Adventures in Home Buying – Part 3
By Erica Root
Well, hello there. Thanks for coming back for more adventures in home buying. Today we are going to learn all about offers, offer letters, and home inspections. Hopefully you aren’t waiting for this to be published before making a move on a home, but in case you are, let’s get started.
Making an offer on a home
So you are ready to commit and make an offer on a home. Now you need to craft your offer.
Each offer is different, and your real estate agent will walk you through it, advising you on your options. But, there are a few general offer options worth knowing:
- Making an offer at the list price – this might seem like the obvious choice. It is after all how we make many of our purchases. You can’t exactly haggle over the price of a book on Amazon, or negotiate a better price for your Starbucks Frappuccino. Buyers typically go on a list price if there isn’t a lot of competition in the market and they feel as if it is correctly priced compared to similar homes on the market in their area.
- Making an offer under the list price – if the house has been on the market for a while, this is the best time to make an offer under the list price. When the seller has few options, they might be willing to go under list price, or at least negotiate somewhere in the middle. Another time where it makes sense to go in under the list price is when you don’t think that the house is worth what the seller is asking for it. Is the house listed at $350K, when all other similar homes in the area are going for $310K? Maybe there is a good reason, but maybe not.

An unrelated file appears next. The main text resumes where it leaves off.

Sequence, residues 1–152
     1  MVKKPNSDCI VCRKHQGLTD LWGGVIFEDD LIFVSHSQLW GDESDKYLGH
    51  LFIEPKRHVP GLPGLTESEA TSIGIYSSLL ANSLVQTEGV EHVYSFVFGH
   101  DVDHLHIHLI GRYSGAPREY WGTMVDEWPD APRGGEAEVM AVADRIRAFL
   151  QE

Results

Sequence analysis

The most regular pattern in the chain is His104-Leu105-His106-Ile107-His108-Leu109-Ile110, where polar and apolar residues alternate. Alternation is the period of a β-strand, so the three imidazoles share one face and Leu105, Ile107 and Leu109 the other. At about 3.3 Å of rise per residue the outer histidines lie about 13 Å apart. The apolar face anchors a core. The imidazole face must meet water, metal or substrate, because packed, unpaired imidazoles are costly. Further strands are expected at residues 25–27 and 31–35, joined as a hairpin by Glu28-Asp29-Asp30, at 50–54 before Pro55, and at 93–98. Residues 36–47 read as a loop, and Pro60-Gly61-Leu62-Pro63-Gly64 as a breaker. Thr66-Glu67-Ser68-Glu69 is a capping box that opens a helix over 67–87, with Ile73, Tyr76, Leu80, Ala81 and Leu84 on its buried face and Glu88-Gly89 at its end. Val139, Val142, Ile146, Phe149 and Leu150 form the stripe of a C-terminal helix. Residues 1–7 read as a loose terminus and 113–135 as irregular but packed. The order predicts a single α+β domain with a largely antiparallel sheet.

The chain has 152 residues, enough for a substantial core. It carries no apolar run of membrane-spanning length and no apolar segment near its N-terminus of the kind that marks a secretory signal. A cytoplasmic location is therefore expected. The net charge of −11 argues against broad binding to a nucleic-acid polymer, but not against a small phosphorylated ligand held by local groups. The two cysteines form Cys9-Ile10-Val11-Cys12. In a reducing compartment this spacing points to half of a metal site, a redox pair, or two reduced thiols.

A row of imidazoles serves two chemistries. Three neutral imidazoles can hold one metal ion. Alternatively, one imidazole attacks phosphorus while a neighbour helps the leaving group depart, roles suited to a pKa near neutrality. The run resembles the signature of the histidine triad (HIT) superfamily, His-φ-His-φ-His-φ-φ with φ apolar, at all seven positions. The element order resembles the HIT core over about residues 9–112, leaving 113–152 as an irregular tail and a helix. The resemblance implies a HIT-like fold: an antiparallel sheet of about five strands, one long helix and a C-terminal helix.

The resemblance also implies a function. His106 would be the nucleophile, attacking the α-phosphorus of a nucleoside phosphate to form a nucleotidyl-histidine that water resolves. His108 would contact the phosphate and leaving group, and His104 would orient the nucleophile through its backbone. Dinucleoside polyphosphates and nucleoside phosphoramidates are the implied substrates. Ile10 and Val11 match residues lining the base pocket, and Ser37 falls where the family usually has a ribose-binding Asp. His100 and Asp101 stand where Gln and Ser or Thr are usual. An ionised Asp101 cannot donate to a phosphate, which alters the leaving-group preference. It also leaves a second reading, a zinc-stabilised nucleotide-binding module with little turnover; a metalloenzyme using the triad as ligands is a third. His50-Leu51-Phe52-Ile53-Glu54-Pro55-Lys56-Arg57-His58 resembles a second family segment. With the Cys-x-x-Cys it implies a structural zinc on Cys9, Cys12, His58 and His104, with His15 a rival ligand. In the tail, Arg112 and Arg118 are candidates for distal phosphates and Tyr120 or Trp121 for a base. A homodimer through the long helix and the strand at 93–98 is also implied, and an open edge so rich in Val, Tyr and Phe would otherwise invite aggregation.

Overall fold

- Making an offer over the list price – so for those of you looking for a home in this Sacramento market, there is a high likelihood that you end up paying more than the list price for a home. It’s sad. But true. Often sellers will place a home on the market at a competitive price, one they know will bring in lots of potential buyers, with the expectation that a bidding war will drive the final price up. This is definitely what is happening in Sacramento, at least it was earlier this year when I was in the throes of the home buying process.
Discuss all of these options with your real estate agent. While they might make recommendations as to how you should write your offer, the choice is ultimately up to the home buyer. So decide what you are comfortable with, look at the comps that your real estate agent sends over, and do a little homework. This will help you feel confident in whatever offer you make.
The Offer Letter
I almost forgot about the supplementary offer letter. But thank goodness I didn’t because it is apparently super important.
No, this letter isn’t like an offer letter for a job, it is actually more like a cover letter. A way to sell yourself as the best person to move into the house you want to buy.
It offers a way for you to tell your story, to pull on some heartstrings, and distinguish yourself from others who may also be putting in an offer.
Tips for writing an offer letter:
- Be yourself – be you, not who you think the seller wants you to be